- Such enterprise carries out activities of collecting, exploiting [using], analyzing and processing the regulated types of data; and
- Such enterprise has been warned that the services it provides are used to commit a breach of the laws of Vietnam and it does not take any measures for avoiding, dealing with, fighting against or preventing such breach, or resisted, obstructed, or ignored requests from the relevant authorities.
Regulated services include: telecom services; services of data storage and sharing in cyberspace; supply of national or international domains to service users in Vietnam; e- commerce; online payment; intermediary payment; service of transport connection via cyberspace; social networking and social media; online electronic games; and services of providing, managing or operating other information in cyberspace in the form of a message, phone call, video call, email or online chat.
Regulated types of data include:
- Data on personal information of service users in Vietnam, including data with information in the form of symbols, writing, numbers, images, sounds or similar forms in order to accurately determine the identity of any one person;
- Data generated by service users in Vietnam, including account names for use of services, duration of use of services, credit card information, email addresses, IP addresses for the latest login and logout, and registered telephone numbers attached to the account or data relevant to the data on personal information of service users; and
- Data on the relationships of service users in Vietnam, including friends, and groups with which the users connect or interact.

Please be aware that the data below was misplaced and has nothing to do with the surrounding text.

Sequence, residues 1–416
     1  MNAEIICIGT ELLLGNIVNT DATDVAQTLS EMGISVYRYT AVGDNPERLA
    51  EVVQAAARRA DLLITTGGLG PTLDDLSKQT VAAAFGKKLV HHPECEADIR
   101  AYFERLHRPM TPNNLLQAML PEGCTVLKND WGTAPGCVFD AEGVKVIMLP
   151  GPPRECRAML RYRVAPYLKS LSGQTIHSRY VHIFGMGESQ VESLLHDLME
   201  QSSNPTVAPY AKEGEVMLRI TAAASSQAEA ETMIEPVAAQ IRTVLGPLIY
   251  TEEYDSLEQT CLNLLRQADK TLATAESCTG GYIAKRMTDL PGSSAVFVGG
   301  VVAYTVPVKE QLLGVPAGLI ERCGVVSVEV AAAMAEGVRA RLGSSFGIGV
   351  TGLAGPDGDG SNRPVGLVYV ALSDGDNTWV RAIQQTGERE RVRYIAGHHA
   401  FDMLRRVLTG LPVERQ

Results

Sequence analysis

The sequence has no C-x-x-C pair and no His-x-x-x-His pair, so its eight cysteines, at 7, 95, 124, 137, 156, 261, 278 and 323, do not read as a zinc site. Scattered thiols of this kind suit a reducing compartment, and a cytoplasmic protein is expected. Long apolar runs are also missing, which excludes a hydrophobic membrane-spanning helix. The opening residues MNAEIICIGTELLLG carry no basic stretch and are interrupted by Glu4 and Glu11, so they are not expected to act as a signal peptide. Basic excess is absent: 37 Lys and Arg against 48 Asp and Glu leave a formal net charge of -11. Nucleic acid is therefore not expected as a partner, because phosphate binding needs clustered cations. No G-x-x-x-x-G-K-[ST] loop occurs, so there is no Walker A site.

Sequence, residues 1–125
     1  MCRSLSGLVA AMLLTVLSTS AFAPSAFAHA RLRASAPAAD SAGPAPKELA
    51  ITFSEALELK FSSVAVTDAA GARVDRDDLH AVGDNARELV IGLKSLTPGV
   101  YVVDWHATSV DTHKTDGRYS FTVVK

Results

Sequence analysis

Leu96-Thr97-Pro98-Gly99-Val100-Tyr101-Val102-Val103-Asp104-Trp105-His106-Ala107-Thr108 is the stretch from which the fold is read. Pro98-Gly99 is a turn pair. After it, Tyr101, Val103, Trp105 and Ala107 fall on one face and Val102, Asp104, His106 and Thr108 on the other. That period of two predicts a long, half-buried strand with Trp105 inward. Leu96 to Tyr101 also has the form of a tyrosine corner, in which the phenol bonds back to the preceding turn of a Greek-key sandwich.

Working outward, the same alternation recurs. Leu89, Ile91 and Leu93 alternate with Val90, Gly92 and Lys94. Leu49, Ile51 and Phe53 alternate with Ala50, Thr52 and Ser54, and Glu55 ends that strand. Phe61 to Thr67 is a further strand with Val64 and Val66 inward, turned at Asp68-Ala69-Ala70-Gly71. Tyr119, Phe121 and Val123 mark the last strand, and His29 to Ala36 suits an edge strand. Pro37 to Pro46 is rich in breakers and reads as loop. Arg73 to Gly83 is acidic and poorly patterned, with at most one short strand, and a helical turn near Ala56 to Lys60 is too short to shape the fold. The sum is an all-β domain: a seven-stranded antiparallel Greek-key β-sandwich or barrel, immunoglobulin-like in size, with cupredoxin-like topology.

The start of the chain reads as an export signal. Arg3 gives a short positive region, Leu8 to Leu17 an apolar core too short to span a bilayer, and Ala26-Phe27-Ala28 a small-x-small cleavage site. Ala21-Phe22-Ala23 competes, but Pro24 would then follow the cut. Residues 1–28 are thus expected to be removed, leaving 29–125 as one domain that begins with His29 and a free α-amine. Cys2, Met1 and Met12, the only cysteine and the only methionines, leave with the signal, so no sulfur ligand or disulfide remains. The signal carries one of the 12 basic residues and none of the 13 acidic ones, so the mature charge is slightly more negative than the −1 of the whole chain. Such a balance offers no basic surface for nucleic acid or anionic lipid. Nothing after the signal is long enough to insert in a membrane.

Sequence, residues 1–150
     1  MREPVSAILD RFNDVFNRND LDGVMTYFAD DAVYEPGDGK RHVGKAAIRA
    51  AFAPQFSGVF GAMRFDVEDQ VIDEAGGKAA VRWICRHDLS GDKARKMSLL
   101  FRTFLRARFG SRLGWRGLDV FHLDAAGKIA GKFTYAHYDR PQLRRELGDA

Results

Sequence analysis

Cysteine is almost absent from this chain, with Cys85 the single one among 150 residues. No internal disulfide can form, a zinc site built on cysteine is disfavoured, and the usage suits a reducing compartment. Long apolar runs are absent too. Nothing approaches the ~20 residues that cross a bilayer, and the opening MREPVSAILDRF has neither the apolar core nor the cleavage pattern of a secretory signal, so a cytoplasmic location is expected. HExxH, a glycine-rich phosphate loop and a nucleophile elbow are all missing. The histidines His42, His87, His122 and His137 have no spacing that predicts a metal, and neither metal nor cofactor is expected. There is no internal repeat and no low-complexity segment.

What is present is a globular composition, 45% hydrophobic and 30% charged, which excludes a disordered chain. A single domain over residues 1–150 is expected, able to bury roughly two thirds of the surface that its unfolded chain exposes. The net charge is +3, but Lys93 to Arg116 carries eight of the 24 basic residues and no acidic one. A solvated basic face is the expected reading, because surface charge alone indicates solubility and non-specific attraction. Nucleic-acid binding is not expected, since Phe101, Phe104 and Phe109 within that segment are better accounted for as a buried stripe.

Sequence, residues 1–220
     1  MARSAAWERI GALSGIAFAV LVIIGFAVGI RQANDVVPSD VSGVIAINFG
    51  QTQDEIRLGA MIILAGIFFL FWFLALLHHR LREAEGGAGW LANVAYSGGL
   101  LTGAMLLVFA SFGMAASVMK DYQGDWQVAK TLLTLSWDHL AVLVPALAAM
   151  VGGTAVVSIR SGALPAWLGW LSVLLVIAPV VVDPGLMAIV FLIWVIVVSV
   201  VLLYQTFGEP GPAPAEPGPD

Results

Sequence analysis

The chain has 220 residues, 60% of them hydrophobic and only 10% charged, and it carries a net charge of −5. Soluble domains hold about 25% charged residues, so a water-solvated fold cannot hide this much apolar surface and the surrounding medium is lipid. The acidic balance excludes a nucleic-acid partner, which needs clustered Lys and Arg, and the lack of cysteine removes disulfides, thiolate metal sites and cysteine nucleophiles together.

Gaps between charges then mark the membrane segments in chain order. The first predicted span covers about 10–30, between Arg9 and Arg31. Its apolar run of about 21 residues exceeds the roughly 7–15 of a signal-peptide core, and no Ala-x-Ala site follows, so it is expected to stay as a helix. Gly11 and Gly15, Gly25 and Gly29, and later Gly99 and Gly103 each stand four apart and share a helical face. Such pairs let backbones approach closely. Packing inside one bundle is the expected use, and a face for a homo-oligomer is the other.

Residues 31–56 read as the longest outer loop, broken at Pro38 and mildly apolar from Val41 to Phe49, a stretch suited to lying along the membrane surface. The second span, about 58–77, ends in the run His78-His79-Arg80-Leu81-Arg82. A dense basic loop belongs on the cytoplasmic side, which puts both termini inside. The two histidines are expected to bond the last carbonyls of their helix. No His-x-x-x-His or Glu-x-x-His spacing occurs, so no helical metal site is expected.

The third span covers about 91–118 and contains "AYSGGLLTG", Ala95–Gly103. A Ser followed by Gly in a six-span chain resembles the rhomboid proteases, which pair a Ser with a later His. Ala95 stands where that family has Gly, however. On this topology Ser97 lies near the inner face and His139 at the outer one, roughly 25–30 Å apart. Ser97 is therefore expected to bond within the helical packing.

Relevant authorities include the Department for Cybersecurity and Prevention of High-tech Crime under the Ministry of Public Security and/ or the Cyber Task Force, which comprises the Department for Cybersecurity and Prevention of High-tech Crime under the Ministry of Public Security and the Cyber Operations Command under the Ministry of National Defense.
If an enterprise were required to store data or have a branch or representative office in Vietnam, it would receive an MPS decision requiring it to store data and/or establish a branch or representative office in Vietnam. Within six months from the date of the MPS’s decision, the enterprise must complete the storing of data and/or establishing of a branch or representative office in Vietnam. Compared to the previous draft, this draft has significantly shortened this period from 12 months to six months, which is a disadvantage for enterprises. The period for storing data will start from the date on which the enterprise receives a request for storage of data until such request ends. The period for the storage of data will be at least 12 months. The period for having a branch or representative office in Vietnam will start from the date on which the enterprise receives a request until the enterprise no longer operates in Vietnam or provides regulated services in Vietnam.
How has the Cybersecurity Law affected foreign service providers since it came into effect nearly 12 months ago? Clearly, foreign service providers now face more risks if they do not take steps to restrict sensitive content or respond to takedown requests. According to reports, a senior official at the Ministry of Information and Communications recently commented that foreign companies’ compliance relating to content issues has greatly increased. For example, according to the official, cooperation with takedown requests in some areas related to content has increased from 20-30% to nearly 80-90%. In addition, the official added that it is also expected that the enforcement of the Cybersecurity Law will result in greater compliance among service providers when the authorities request them to provide service users’ identities if a violation of the law is detected.